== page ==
Everyone’s actions have helped to reduce the transmission of coronavirus, but the most important thing we can continue to do is stay alert and continue to control the spread of the virus.
The changes set our below will reopen much of society and the economy, but it remains essential that everyone goes about their lives in a manner which reduces the risk of transmission, whether they are at work, leisure or using public services.
From Saturday 4 July this will mean:
- You can meet in groups of up to two households (your support bubble counts as one household) in any location – public or private, indoors or outdoors. You do not always have to meet with the same household – you can meet with different households at different times. However, it remains the case, even inside someone’s home that you should socially distance from anyone not in your household or bubble. This change also does not affect the support you receive from your carers
- When you are outside you can continue to meet in groups of up to six people from different households, following social distancing guidelines
- Those who have been able to form a support bubble (i.e. those in single adult households) can continue to have close contact as if they live with the other people in the bubble, but you should not change who you have formed a support bubble with
- Additional businesses and venues, including restaurants, pubs, cinemas, visitor attractions, hotels and campsites will be able to open. Certain premises where the risks of transmissions may be higher will remain closed
- Other public places such as libraries, community centres, places of worship, outdoor playgrounds and outdoor gyms will be able to open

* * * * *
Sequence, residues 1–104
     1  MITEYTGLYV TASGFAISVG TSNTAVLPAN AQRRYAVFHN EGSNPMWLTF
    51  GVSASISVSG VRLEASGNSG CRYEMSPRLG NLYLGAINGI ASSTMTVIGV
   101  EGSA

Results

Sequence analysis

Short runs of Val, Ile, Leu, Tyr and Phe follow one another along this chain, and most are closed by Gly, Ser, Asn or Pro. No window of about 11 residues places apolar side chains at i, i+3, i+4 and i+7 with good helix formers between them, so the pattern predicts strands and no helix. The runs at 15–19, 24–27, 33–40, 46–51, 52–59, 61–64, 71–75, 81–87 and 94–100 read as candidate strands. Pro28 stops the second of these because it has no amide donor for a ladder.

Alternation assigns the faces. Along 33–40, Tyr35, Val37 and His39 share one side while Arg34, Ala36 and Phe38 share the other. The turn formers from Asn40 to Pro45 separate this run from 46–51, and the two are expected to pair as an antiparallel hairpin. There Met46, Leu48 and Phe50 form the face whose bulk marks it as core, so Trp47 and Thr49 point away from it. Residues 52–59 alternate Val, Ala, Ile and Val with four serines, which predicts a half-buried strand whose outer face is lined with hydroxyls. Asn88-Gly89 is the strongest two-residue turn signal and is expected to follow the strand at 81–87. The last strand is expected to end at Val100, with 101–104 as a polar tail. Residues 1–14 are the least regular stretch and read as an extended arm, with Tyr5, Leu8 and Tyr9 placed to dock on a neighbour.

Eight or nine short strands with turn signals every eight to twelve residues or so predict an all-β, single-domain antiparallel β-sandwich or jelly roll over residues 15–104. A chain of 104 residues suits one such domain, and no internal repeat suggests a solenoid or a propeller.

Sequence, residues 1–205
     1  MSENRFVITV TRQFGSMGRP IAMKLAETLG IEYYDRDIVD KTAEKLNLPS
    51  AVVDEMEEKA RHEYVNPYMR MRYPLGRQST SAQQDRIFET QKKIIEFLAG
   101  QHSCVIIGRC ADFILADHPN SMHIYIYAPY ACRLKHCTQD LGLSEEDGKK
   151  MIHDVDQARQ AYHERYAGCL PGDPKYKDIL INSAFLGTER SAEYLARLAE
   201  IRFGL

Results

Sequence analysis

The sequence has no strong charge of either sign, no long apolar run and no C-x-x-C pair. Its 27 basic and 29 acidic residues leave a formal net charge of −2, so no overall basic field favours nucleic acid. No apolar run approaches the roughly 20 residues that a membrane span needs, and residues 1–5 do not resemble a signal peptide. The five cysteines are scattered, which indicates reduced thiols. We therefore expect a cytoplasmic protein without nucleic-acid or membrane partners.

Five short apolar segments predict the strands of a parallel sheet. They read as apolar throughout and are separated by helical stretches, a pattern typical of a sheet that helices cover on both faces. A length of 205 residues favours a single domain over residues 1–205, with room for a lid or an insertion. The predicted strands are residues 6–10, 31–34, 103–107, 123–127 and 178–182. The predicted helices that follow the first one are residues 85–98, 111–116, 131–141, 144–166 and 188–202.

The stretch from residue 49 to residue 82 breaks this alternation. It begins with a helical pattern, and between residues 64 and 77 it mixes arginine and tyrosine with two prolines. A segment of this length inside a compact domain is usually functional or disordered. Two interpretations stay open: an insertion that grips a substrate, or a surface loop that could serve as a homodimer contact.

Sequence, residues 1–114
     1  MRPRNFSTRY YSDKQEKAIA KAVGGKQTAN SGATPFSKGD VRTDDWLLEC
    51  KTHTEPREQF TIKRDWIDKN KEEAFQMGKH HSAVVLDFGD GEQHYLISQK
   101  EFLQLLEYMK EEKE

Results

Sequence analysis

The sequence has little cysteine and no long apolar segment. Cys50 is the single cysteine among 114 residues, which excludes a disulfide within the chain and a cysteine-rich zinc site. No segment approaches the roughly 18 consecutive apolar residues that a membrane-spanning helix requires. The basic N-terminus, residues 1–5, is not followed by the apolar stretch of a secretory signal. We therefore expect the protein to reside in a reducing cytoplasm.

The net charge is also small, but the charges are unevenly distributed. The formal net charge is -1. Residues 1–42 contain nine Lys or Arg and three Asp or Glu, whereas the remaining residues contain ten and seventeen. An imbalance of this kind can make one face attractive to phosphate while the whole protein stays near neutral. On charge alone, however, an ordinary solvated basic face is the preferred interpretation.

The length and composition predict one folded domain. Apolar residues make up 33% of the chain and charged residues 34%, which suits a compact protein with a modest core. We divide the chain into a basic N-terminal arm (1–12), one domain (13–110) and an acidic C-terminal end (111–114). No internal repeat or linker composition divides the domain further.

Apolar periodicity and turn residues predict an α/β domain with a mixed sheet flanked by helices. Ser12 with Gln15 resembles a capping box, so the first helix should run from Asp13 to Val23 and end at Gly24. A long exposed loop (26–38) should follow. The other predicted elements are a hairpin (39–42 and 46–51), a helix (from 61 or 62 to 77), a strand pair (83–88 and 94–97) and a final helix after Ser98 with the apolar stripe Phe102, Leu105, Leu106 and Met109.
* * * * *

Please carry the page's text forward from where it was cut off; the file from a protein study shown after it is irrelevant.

- You can stay overnight away from your home with your own household or support bubble, or with members of one other household (where you need to keep to social distancing)
- It will be against the law to gather in groups larger than 30 people, except for a limited set of circumstances.
When you leave your home, you should follow the guidelines on staying safe outside your home.
You should continue to avoid close contact and remain socially distant from anyone you do not live with or who is not in your support bubble – even inside other people’s homes.
You should wash your hands regularly – this will help to protect you and anyone you come into contact with.
Protecting different groups of people
Some people, including those ages 70 and over, those with certain underlying conditions and pregnant women, are clinically vulnerable, meaning they may be at higher risk of severe illness from coronavirus. As we continue to ease restrictions, this group should continue to take particular care to minimise contact with others outside their household.
Never visit a clinically vulnerable person if you think you have coronavirus symptoms, however mild.
Meeting family and friends
To avoid risks of transmission and stay as safe as possible, you should always maintain social distancing with people you do not live with – indoors and outdoors. You should only have close contact with others if you are in a support bubble with them.
- Only gather indoors with members of up to two households (your support bubble counts as one household) - this includes when dining out or going to the pub
- Only gather outdoors in a group of more than six people from different households or in larger groups if everyone is from up to two households only
- Only gather in slightly larger groups of up to 30 for major life events, such as weddings
- Only gather in groups of more than 30 for specific set of circumstances that will be set out in law
- Only visit businesses and venues in groups of up to two households (your support bubble counts as one household) or with a group of six people from different households if outdoors
- Not interact socially with anyone outside the group you are attending these places with even if you see other people you know, for example, in a restaurant, community centre or place of worship